Monday, September 23, 2013

Replacing rear-tyre on a cargo bike in pictures

After 4,500km of heavy riding (including up that hill to work every day) the rear tyre of my bakfiets was getting a bit sad.  The tread was getting low:

But more importantly, a loose spoke that I found and tightened a couple of weeks ago or some other cause had caused the wide-wall to partially rupture, resulting in a large bulge that made the bike feel a bit like a clown-bike, bumping up and down every revolution:

The first step was to lift the rear wheel off the ground.  A cargo strap and handy verandah beam made this easy:
Resulting in a convenient air-gap under the wheel:
Next step is to undo the screws on the side of the chain case so that it can be loosened off. The pieces can stay attached, as we only need to be able to move the wheel around and get the chain off of the rear sprocket.
I had oiled the chain a little last week when it started making some noise, but apparently it needs more oil than I gave it. I applied the oil after changing the wheel to reduce mess.  The real reason for taking this picture was to show the bolt and nut to the right of the sproket.  There is one of these on both sides of the hub.  
These need to be undone completely, and the little retaining plate removed on both sides:
Now release the cable from the roller brake. This is quite easy to do, but hard to photograph the process of doing so. First, undo the bolt that holds the brake to the frame. Then pull the bolt where the cable connects to the roller brake to release tension on the cable, then pull the cable to release it from the lug just below the bolt that you have undone.  The brake is now free of the frame, allowing the wheel to be eased out of the frame.
Once that is done, and after jacking the wheel up higher, I was able to ease the axle and hence wheel out of the frame with a bit of fiddling:
Tada, no wheel in the frame.  Note that I left the Nexus 8 gear cable connected, since there was no need to remove it.
Then I removed the tyre and tube.  I was able to do this without even using tyre levers, but you might want to use some:
Then it was time to get the new tube ready, for which I had help unrolling it:





Then it was time to get the new tyre ready.  I am using Schwalbe Marathon Plus tyres which claim to be the ultimate in thorn-proofing.  They are cited as being "quite heavy and awkward to fit".  I don't think they are particularly heavy or awkward to fit -- again, I didn't even need tyre levers to get the new tyre back on.  And compared to the weight of the rear wheel, the tyre is quite, quite insignificant.  And like all Good Sensible Tyres they have a 3M reflective strip for night visibility way better than any wheel reflector provides, and without the weight imbalance that reflectors provide:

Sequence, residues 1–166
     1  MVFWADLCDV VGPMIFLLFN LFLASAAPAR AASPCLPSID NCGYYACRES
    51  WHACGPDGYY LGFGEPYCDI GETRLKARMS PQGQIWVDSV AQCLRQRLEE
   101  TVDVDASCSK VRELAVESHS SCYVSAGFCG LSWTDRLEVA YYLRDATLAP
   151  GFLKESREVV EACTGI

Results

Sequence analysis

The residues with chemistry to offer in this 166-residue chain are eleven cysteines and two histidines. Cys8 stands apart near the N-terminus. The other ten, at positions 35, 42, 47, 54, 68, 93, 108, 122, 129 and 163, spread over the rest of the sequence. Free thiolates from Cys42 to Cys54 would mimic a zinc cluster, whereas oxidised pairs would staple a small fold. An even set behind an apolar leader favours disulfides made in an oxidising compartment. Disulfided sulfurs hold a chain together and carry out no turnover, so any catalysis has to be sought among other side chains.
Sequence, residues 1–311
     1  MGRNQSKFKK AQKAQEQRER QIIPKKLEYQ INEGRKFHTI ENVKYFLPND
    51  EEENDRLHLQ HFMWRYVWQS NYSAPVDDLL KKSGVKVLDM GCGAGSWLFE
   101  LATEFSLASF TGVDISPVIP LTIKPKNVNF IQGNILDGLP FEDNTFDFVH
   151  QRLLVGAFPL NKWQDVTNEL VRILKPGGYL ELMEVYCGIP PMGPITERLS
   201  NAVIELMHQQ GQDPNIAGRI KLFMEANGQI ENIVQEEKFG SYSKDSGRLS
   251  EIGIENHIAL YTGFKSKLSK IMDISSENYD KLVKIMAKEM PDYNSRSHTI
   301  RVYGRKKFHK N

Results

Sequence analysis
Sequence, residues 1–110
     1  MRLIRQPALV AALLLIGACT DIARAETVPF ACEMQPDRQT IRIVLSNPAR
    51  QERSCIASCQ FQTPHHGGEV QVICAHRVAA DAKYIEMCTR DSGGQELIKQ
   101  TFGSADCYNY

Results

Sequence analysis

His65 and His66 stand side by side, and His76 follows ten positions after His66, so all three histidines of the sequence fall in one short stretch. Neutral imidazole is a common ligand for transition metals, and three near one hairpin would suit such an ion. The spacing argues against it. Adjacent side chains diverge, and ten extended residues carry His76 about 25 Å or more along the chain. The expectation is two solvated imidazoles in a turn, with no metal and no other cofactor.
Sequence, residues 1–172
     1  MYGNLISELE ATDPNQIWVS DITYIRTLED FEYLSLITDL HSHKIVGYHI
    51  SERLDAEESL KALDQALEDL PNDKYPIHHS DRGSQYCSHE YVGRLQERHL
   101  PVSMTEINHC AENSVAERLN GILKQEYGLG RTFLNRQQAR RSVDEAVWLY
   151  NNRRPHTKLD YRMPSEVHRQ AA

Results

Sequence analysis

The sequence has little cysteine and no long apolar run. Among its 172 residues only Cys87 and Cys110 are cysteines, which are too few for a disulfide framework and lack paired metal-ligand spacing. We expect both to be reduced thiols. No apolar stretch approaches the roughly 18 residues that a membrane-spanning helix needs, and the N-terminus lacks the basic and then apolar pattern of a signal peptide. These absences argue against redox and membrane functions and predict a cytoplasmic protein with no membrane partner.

Now it is time to reverse the process, and put the wheel back in.  This is the fiddliest bit, as you have to line up those bolts that you first undid.
Again, hard to photograph while you are doing it, but five minutes of fiddling and it was back in:
Here is the bolt nicely lined up and back in place, ready to get the bracket and bolt put back on:
And here they are back on, but yet to be tightened.  Now tighten on each side before doing up the axle bolts, until the chain is reasonably but not too tight, and the wheel is straight.  Then do up the axle bolts.
Finally, put the retaining bolt back on that holds the brake to the frame:
In case you unsure which one it is:
Then put the brake cable and nut back into the spot in the roller brake:
And here is that brake cable lug slotted back in, taken from below. Again, hard to take a picture of on your own with greasy hands:
And, ta-da, all back in.  Then it is time to refasten the chain case:
And after that it was time for a test ride, which happily confirmed that the annoying bumping (and several other odd noises) were a thing of the past, and that the brakes still worked:
The whole process took me about an hour, but if I had to do it again, it would take perhaps half that.

2 comments:

  1. Thanks for this!
    For a clearer account of how to release the brake cable:
    http://techdocs.shimano.com/media/techdocs/content/cycle/SI/RollerBrake/BR_IM70_R/SI-75E0E-EN_v1_m56577569830689655.pdf

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